West Coast Eagles, nightclub, gamers punished, AFLPA, Hip-E membership, Covid, crew, Jackson Nelson, Josh Rotham, Jake Waterman, occasion

West Coast ought to droop the seven gamers caught up within the nightclub investigation, whatever the membership’s dire record scenario, and cop a “220-point hiding” from Melbourne in consequence.

Jackson Nelson, Josh Rotham, Jake Waterman, Hugh Dixon, Patrick Naish, Campbell Chesser and Rhett Bazzo had been on Monday slapped with $5000 fines – with $2500 suspended, for defying membership orders to keep away from high-risk environments like nightclubs on their days off.

Given West Coast’s record is already decimated by damage and Covid protocols, three of these gamers lined up towards Brisbane final weekend – regardless of the membership issuing robust statements condemning their actions.

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Fox Footy’s Gerard Whateley stated the gamers confirmed “outright recalcitrance” and urged West Coast to stay to their membership requirements and drop the gamers to face Melbourne on Sunday.

“It wasn’t thoughtless ignorance, there was an element of wilful disobedience, but I’m not sure that even does it justice,” he stated on AFL360.

“It make me wonder if the players fully buy in to the circumstance that have afflicted their club over this period of time.

“They should just play short suited against Melbourne for the message it sends to their standards and their culture.

“I understand the preservation aspect to it, but I’d cop the 220-point hiding.”

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Despite the penalty described by Nick Riewoldt as gamers getting “hit with a wet paper towel”, the AFLPA immediately condemned West Coast’s actions, claiming gamers had already sacrificed a lot of their private lives in recent times.

But AFL commentators had been fast to close down the AFLPA’s issues, with Whateley claiming their issues had been “bewildering”.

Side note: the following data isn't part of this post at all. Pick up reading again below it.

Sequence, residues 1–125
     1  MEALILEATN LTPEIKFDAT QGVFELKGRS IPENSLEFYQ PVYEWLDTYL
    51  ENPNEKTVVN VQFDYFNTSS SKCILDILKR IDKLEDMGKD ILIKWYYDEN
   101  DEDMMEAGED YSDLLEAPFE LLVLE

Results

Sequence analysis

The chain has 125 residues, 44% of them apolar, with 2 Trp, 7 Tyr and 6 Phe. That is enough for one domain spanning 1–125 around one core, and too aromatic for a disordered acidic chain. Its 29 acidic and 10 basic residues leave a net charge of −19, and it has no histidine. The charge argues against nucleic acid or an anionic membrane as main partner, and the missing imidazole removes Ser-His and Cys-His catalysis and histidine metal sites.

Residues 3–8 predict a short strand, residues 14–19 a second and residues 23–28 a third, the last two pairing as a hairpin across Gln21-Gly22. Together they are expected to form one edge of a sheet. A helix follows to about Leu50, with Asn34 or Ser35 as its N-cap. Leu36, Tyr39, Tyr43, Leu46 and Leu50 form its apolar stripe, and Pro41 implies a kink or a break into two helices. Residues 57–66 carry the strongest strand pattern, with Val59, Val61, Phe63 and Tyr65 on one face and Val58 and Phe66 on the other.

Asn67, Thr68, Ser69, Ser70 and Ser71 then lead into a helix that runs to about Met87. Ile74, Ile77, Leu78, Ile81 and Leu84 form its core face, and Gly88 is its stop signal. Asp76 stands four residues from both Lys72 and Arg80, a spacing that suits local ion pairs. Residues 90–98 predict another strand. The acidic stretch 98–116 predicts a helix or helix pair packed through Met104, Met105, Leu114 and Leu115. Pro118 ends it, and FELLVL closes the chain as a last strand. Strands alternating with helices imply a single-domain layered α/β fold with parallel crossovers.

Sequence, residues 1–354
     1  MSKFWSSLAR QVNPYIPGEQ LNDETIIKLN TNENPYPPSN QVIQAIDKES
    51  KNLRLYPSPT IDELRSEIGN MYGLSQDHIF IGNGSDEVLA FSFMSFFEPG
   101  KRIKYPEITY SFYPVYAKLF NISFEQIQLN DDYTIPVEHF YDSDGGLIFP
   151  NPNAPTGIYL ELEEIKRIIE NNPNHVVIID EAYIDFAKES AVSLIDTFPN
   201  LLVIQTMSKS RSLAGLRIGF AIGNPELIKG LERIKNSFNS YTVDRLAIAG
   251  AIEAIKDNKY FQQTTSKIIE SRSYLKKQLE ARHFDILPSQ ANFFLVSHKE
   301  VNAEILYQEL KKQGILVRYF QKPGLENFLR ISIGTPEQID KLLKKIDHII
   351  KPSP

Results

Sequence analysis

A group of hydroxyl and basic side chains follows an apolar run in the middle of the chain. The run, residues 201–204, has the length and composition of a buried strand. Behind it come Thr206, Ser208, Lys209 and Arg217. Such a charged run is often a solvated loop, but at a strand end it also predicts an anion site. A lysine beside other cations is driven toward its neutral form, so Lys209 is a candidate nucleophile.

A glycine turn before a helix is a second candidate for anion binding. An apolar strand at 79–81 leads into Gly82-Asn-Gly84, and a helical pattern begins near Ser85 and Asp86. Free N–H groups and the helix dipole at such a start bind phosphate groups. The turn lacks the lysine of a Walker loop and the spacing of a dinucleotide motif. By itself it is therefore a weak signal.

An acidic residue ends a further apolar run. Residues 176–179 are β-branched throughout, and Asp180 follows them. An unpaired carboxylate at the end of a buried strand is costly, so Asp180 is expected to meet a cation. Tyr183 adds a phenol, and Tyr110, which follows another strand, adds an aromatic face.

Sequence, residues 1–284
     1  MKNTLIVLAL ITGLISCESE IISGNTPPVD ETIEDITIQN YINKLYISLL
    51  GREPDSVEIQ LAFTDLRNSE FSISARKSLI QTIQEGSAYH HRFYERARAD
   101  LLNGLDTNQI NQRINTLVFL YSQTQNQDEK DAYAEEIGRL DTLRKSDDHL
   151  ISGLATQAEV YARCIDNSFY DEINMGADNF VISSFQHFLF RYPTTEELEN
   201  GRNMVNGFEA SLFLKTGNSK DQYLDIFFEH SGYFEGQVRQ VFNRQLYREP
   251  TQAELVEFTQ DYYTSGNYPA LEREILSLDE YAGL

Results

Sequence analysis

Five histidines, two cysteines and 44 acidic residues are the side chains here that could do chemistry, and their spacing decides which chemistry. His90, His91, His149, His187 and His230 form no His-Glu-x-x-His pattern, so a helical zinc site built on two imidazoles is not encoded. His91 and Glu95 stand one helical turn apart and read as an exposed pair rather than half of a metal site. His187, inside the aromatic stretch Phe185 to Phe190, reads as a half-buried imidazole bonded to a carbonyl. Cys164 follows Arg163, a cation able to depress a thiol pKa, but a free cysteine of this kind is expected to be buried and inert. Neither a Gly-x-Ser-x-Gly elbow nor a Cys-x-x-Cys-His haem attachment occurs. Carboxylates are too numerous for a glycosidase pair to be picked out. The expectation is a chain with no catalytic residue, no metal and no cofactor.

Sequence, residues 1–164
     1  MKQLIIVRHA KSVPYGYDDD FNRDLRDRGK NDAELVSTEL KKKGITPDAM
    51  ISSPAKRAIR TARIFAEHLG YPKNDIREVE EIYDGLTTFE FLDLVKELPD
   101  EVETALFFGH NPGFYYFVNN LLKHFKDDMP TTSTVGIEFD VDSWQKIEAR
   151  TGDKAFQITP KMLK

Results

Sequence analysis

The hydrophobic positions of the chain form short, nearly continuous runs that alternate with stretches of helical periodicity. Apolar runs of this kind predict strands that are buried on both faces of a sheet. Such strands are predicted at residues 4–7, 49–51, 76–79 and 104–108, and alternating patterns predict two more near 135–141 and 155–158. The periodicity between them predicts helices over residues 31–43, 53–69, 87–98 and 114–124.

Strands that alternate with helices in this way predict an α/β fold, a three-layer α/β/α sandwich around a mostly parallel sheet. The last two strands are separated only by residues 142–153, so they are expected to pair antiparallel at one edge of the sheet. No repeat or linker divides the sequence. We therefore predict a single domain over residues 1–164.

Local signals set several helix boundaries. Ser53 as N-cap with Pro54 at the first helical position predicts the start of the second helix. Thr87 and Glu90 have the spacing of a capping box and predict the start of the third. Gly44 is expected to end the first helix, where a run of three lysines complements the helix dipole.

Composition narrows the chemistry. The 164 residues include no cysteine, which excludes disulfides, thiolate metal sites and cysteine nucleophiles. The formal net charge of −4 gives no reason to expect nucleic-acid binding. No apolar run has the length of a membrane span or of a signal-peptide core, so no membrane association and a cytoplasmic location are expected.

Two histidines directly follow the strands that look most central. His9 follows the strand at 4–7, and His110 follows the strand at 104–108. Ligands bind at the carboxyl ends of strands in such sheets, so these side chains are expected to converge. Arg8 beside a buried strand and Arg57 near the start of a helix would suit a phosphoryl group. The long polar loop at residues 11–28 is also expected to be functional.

“In this sporting environment, their employees have an obligation to the club and to each other and it’s that sort of short-term sacrifice in sport, the setting of a collective goal that allows you to have the career you dream of. And when you fail in such an obvious way, the club has to have a measure to be able to punish,” he stated.

“I just can’t fathom where the PA is coming from.

“In this very specific case, and its only a short period of time they have to endure this, but these players didn’t meet the standards.”

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“The PA should have actually put out a press release to say we fully support West Coast’s decision for doing this because these players have brought disrepute onto the playing group,” AFL360 co-host Mark Robinson added.

Robinson described the gamers’ actions as “stupid” and stated they knew there was a component of threat concerned – however partied regardless.

“Players think, ‘we’ll go to a nightclub, we wont get caught, rah rah rah’. Photos and social media got them from a football perspective. The coach and administration had said to the guys, ‘We are in dire straits here. We ask you to respect each other, respect the protocols’ and they said, ‘nah you’re not really talking to us, we’re going out’.

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“You know the problem with players, and I like players a lot … the great fight players have got is always to think that they are not entitled people. Get all your money, you deserve it for what you do … but don’t act entitled and don’t turn around and say ‘you can’t fine us for going to a nightclub’.”

Journalist Jon Ralph stated gamers like Patrick Naish, who together with Hugh Dixon solely arrived at West Coast within the SSP interval weeks earlier than Round 1 as a second AFL probability, wanted to shift their focus from partying to their profession.

“I just think if you’re Patrick Naish, your career is so perilous and you’re out at a nightclub when you should be out trying to find yourself in the best 22 and get yourself a multi-year contract,” he stated.

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